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Dr. John Palmer Reviews
Dr. John J. Palmer - Palmer Distinctive DentistryRating: 5
Reviewed by: Donna P.
Today was my big day in the dentist's chair. All of you made me feel good about being there; and I could tell that you really knew what you were doing! Thank you all for the easiest day at the dentist that I have ever had. ? (oh, and for giving me back my smile!)
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Amalgam Filling Removal
Dental amalgam has been widely used for more than a century. Called "silver fillings," amalgam fillings contain a variety of metals, all bound together with mercury. Though there has been longstanding support for the use of amalgam fillings, even mainstream dental associations are now changing their stance, providing warnings for the use of amalgam in young children. At Palmer Distinctive Dentistry, we do not care what your age, your systemic health is too precious to risk with the placement of amalgam.
Why avoid amalgam fillings:
- Amalgam does not hold mercury. This substance leaks from fillings continuously, increasing when fillings warm up during mastication.
- Mercury is classified as a neurotoxin. As such, it has been removed from a number of household and consumer products. This poisonous substance, the second-most of all elements on earth does not belong in the human body.
- The World Health Organization recommends mercury exposure of no more than 1.6 micrograms per kilogram of weight per week. A single amalgam filling weighs about 2 grams, or 2 million micrograms. Of this, half of the content is mercury, for 1 million micrograms. This organization states that dental fillings account for the largest amount of mercury in a person's body.
- Studies link mercury exposure to a number of serious health conditions affecting the immune, digestive, urinary, respiratory, and cardiac systems. Exposure to this substance is also linked to deterioration of brain cells.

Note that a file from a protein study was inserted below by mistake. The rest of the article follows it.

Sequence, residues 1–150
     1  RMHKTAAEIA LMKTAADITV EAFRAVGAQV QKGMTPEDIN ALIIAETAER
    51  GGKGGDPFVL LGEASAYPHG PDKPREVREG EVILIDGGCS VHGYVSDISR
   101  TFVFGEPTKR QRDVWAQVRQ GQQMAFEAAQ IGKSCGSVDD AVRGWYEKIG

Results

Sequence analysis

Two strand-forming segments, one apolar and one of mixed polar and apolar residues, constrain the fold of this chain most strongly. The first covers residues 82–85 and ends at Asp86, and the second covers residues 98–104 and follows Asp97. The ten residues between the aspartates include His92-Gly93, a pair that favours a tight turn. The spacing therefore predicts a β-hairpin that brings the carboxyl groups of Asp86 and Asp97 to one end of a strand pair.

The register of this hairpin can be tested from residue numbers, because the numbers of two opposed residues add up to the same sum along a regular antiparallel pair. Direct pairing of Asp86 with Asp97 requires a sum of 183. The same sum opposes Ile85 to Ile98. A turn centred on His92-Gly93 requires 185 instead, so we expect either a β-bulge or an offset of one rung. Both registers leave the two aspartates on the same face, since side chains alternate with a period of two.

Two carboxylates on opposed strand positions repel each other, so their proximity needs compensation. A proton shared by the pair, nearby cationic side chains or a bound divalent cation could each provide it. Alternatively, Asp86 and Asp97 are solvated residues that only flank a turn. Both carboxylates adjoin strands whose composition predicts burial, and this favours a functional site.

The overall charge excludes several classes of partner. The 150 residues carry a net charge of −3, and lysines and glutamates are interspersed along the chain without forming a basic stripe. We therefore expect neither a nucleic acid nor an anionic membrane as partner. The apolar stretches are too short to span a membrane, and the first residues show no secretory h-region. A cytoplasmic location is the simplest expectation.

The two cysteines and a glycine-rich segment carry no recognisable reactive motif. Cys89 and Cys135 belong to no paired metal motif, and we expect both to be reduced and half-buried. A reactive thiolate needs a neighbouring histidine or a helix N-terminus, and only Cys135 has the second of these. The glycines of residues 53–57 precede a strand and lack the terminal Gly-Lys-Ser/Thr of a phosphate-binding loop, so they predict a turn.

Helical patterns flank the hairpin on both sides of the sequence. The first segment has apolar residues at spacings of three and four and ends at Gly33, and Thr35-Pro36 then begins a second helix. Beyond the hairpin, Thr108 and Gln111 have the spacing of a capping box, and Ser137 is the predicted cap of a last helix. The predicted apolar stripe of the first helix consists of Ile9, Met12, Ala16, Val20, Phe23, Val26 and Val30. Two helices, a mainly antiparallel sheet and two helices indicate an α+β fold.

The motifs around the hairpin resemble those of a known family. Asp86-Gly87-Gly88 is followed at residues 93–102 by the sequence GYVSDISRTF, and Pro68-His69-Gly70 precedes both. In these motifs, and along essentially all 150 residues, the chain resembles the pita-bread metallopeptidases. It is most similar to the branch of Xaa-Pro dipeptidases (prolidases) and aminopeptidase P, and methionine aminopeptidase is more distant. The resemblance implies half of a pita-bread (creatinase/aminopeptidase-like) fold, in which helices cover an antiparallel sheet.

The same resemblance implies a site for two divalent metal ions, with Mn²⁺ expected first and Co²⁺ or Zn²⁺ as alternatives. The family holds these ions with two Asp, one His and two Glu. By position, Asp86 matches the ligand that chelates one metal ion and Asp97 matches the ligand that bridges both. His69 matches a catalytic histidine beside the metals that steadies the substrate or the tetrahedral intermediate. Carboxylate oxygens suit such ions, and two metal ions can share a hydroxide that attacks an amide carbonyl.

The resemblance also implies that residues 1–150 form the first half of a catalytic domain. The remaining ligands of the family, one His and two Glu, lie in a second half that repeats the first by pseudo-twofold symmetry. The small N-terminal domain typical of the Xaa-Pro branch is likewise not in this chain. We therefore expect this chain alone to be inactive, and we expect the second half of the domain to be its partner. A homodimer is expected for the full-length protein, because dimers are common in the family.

- Studies also link the amount of mercury detected in a newborn correlates directly with the number of amalgam fillings in the mother's mouth.
Removing mercury for improved healthThere are many dental practices in which mercury is avoided. There are fewer dental practices skilled in the safe removal of this toxic substance. An amalgam filling should not simply be drilled down and removed. The exposure to mercury particles would be far too great with this approach. Hence, many dentists advise their patients to leave mercury fillings in place as long as they are intact.
Dr. John Palmer is a fellow of the International Academy of Oral Medicine and Toxicology. His skill in the safe removal of amalgam fillings is extensive and he trains other dentists in the strict protocols so that they, too, may provide the safest care to their patients.
Amalgam removal takes place with precautions including:
- The placement of a rubber dam to isolate the tooth and keep mercury particles from coming into contact with oral tissues.
- Clean, mercury-free air delivered via a comfortable nasal mask to inhibit the inhalation of mercury particulates.
- High volume suction with mercury filters to minimize mercury release into the air.
- Protective garments for dentist and staff.
- In-office air purifiers to remove mercury particulates from the immediate environment.
Health officials kill proposal to
curb mercury dental fillings